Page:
Markel's Wendy Houser on how to gain a competitive advantage

One of Insurance Business's Hot 100 shares her views about success in a complex and demanding marketplace

Markel's Wendy Houser on how to gain a competitive advantage

Insurance News


Amid the immense environmental, geopolitical, and economic threats the world has faced over the past year, the insurance industry’s leaders have delivered effective risk mitigation for the organizations and markets covered by their services.

To recognize these leaders’ significant contributions to the industry, Insurance Business named its Hot 100, which included Wendy Houser, chief territory officer, West at Markel in the United States. Houser is responsible for supervision, underwriting, and production in the Western states – a market with a large geographical footprint.

Houser recently told Insurance Business about her experience in the Western territory, saying that Markel’s many offices in the region present challenges in connecting with clients and internal talent.

“[We] do have boots on the ground, which helps us get a leg up in another area,” she said. “The legal [frameworks] between California, Colorado, Texas, Mississippi, Minnesota, Wisconsin are all very unique. But I believe that based on the fact that we do have people on the ground, we’re able to navigate and be a solution provider as well as have absolute top-notch claims handling, and [we] can operate in such a way that really gives us a competitive advantage.”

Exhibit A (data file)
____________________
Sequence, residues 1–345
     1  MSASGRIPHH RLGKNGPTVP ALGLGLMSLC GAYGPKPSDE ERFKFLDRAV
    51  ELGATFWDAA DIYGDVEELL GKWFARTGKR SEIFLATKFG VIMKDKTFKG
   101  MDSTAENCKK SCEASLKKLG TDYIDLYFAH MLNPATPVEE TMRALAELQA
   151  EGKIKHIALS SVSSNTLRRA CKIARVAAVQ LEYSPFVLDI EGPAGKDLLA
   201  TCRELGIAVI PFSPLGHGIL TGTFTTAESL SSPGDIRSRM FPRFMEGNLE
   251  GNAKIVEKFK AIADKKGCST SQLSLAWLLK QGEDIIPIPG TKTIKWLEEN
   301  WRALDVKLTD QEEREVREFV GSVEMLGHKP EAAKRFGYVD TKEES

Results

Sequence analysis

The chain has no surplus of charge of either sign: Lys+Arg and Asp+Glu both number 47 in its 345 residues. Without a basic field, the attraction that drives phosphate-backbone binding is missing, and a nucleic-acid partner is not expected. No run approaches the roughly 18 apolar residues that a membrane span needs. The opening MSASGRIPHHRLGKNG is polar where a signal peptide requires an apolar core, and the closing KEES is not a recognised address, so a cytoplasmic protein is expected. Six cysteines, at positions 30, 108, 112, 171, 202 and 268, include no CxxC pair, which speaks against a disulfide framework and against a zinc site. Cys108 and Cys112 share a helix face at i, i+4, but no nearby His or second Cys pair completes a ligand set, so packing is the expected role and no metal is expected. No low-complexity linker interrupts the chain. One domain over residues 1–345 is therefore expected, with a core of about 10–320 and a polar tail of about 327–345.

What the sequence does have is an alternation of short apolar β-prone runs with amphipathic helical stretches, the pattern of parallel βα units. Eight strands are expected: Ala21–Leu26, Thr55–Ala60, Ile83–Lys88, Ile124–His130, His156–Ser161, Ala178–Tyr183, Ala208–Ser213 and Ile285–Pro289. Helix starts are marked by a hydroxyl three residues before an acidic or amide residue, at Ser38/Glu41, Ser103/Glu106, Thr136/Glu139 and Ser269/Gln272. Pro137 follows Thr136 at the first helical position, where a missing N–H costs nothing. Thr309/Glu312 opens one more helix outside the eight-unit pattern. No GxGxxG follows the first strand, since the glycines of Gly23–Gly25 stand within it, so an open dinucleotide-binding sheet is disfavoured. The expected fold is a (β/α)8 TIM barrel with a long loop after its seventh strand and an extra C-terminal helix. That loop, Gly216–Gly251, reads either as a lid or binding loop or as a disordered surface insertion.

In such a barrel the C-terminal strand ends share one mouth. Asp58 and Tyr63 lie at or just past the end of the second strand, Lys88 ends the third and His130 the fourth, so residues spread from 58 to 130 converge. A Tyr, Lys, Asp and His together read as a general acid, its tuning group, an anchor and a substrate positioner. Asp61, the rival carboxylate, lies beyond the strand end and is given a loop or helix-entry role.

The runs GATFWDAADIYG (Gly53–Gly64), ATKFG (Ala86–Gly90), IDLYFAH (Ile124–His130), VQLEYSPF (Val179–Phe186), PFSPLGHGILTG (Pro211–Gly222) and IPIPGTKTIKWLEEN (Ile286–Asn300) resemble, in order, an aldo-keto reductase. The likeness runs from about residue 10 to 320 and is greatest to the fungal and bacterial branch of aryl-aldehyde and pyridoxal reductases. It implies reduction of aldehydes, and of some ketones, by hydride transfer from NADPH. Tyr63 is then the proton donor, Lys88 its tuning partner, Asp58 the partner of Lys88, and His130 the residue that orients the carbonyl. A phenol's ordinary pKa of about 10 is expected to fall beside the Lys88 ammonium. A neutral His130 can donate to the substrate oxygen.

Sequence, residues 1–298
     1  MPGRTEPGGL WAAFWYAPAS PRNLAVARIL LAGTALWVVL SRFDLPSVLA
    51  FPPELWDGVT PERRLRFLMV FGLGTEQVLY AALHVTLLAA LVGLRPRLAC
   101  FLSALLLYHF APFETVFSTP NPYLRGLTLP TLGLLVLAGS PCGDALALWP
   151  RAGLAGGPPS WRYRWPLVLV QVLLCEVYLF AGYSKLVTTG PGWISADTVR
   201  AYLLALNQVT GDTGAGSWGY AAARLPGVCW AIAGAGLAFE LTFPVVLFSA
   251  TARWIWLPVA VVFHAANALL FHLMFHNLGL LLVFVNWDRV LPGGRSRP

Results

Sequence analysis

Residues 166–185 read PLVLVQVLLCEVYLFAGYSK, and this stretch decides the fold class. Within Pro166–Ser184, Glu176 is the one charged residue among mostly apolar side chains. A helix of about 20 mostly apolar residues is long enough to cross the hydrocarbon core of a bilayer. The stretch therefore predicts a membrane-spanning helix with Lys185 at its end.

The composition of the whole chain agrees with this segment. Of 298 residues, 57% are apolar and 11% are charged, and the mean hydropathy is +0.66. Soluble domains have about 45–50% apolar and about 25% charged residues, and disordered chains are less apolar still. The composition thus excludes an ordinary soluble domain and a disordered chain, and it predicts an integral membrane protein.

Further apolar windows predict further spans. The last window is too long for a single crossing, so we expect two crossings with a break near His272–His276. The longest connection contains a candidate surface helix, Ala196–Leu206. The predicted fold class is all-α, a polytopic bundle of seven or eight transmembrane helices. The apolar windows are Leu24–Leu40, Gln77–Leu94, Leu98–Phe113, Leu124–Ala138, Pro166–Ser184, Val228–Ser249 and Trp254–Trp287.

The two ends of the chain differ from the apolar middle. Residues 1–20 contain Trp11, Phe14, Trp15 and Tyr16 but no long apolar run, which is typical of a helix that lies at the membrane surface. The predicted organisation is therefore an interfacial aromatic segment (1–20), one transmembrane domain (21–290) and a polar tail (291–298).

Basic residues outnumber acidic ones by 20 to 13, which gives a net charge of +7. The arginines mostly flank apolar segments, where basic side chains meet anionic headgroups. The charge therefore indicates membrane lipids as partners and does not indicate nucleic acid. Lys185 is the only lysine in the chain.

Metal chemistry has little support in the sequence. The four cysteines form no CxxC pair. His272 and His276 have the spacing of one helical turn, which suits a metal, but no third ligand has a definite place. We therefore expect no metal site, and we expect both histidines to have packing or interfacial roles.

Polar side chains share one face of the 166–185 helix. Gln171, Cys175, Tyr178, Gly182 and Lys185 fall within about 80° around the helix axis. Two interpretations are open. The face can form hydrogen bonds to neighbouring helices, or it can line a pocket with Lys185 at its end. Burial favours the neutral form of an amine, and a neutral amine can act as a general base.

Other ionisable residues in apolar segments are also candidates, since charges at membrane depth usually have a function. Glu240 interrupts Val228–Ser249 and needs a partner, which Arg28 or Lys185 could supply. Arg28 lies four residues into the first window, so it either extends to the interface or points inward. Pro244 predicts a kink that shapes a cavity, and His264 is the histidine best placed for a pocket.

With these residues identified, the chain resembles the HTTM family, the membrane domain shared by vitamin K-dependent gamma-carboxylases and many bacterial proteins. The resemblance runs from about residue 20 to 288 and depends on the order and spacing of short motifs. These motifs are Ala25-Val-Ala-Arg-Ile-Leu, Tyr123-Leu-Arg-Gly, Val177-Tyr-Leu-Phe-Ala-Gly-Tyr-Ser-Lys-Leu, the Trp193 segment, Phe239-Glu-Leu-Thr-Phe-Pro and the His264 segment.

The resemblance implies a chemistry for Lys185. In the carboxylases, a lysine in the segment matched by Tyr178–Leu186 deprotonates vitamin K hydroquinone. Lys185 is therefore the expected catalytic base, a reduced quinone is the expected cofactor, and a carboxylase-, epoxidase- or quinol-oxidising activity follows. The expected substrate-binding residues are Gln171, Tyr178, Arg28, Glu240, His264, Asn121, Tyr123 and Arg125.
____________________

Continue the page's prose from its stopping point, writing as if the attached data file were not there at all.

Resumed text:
That competitive edge has brought opportunities for Markel not only in the Western states, said Houser.

“We’ve been in business almost 100 years and over time we’ve made several acquisitions and grown considerably. It’s using the power of the platform that we have available in making sure that our clients know [the] expansive offering that we have,” she said.

In addition to having frontline capabilities and thriving program operations, Markel continues to innovate, she said. It also educates its customers while collaborating more closely with international or national counterparts, which is expected to further strengthen the company’s performance in the years ahead.

Houser highlighted the importance of developing the expertise of organizations and individuals in the specialty marketplace by “constantly learning and being aware of what’s going on in the world and educating [themselves] almost on a daily basis.” She believes that because insurance is a “relationship industry,” professionals need to network with people they can learn from.

“The mentors that I’ve had in my life have greatly contributed to the success I’ve had. I also believe in reverse mentorship for early careers. I dedicate a tremendous amount of time and giving back, you know, to try to bring others along, [and in] that I learn as well. And then finally, not be afraid to take risks,” she said.

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